Possessing reasons: why the awareness-first approach is better than the knowledge-first approach

Synthese 199 (1-2):2925-2947 (2021)
  Copy   BIBTEX


[Significantly updated in Chapter 6 of Awareness and the Substructure of Knowledge] In order for a reason to justify an action or attitude it must be one that is possessed by an agent. Knowledge-centric views of possession ground our possession of reasons, at least partially, either in our knowledge of them or in our being in a position to know them. On virtually all accounts, knowing P is some kind of non-accidental true belief that P. This entails that knowing P is a kind of non-accidental true representation that P. I outline a novel theory of the epistemic requirement on possession in terms of this more general state of non-accidental true representation. It is just as well placed to explain the motivations behind knowledge-centric views of possession, and it is also better placed to explain the extent of the reasons we possess in certain cases of deductive belief-updates and cases involving environmental luck. I conclude with three reflections. First, I indicate how my arguments generate a dilemma for Errol Lord’s view that possessing reasons is just a matter of being in a position to manifest one’s knowledge how to use them. Second, I explain how my view can simultaneously manage cases of environmental luck without falling prey to lottery cases. Finally, I sketch the direction for a further range of counterexamples to knowledge-centric theories of possession.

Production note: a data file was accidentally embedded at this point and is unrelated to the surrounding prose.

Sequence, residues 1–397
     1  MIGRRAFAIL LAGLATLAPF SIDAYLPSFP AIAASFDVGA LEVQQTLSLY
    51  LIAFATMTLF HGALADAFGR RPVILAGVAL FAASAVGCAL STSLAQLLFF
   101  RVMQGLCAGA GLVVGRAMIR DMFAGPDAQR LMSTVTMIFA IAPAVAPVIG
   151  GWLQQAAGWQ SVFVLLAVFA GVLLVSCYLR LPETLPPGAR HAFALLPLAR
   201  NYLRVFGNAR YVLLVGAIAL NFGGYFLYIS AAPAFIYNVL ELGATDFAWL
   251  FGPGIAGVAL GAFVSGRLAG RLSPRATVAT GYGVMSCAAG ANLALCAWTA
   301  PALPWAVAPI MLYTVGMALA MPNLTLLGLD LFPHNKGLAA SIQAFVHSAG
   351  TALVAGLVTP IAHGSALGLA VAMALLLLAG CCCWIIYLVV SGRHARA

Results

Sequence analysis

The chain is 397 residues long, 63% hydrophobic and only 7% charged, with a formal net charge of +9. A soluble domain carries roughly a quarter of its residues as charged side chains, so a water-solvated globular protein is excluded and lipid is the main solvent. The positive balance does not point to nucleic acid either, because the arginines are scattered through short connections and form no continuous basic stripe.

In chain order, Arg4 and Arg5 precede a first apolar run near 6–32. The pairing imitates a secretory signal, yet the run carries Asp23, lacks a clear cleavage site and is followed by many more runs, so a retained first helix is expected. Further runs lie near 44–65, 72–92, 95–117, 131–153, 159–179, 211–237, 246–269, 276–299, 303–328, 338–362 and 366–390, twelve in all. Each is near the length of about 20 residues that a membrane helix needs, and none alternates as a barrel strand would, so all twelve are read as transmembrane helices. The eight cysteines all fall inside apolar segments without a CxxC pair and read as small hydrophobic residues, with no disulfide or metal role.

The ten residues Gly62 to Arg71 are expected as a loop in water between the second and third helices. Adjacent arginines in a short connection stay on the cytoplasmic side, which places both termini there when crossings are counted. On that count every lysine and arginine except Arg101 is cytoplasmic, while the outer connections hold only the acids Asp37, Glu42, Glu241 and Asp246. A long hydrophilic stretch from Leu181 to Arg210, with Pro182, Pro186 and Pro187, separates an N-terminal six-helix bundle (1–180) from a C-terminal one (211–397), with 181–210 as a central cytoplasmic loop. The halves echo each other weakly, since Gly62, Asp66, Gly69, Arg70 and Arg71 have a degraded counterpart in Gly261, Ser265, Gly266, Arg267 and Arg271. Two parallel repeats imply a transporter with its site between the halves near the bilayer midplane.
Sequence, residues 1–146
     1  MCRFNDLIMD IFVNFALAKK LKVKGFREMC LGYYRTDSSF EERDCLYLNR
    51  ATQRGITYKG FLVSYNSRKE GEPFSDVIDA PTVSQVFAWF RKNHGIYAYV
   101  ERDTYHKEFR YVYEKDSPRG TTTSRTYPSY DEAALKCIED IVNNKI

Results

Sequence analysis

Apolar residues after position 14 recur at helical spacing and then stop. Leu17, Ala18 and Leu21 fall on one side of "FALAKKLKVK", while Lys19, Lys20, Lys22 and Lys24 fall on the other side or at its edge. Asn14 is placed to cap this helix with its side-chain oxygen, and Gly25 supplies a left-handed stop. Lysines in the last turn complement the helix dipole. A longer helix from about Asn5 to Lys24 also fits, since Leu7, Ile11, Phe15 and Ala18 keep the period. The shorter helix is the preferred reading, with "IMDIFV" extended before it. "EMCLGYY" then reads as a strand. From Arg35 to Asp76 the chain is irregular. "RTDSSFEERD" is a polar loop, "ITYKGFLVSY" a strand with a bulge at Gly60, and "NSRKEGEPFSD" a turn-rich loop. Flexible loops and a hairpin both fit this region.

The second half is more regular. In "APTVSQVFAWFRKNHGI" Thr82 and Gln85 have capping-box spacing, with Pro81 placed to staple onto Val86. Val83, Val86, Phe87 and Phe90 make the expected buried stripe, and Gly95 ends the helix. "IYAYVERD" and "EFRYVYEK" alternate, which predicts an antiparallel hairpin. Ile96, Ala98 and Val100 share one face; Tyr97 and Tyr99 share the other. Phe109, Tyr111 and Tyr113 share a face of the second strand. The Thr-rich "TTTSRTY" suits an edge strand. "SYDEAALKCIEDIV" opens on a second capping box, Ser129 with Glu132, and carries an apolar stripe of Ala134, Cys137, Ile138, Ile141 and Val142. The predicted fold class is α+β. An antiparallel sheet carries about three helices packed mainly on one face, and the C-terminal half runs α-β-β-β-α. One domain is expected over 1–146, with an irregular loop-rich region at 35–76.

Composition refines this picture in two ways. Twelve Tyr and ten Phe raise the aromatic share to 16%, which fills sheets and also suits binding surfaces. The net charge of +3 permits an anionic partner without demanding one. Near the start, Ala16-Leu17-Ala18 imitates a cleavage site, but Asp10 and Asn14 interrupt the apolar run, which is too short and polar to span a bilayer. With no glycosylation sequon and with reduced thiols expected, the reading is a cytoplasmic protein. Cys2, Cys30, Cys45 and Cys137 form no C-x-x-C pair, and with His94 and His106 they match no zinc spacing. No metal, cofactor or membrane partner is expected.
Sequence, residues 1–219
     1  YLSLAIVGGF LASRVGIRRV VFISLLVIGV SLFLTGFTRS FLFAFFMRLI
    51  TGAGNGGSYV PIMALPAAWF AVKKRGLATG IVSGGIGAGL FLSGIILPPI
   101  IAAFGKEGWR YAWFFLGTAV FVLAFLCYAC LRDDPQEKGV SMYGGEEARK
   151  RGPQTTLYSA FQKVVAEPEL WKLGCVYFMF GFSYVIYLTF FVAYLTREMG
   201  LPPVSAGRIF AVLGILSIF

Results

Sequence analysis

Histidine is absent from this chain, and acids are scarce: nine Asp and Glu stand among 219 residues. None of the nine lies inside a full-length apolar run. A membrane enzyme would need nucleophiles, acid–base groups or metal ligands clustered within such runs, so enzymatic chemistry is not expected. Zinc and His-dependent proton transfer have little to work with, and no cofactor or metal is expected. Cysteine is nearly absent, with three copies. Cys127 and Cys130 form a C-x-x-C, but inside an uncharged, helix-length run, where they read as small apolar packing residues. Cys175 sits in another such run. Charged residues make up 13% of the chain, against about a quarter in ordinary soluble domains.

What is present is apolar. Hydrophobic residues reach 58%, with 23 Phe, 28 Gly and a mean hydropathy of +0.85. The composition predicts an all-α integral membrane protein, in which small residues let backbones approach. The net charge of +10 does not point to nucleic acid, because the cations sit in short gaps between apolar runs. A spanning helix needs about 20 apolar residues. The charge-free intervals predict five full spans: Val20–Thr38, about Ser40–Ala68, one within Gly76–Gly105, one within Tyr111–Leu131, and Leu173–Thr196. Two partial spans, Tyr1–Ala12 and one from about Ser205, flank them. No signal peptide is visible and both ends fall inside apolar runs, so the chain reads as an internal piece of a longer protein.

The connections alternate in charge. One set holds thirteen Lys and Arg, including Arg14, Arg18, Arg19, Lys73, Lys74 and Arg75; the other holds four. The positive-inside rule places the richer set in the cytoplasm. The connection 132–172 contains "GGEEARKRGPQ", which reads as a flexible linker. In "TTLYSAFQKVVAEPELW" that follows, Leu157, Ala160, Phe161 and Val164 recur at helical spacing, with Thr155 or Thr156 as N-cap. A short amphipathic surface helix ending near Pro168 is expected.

Author's Profile

Paul Silva Jr.
University of Cologne


Added to PP

521 (#29,452)

6 months
112 (#29,027)

Historical graph of downloads since first upload
This graph includes both downloads from PhilArchive and clicks on external links on PhilPapers.
How can I increase my downloads?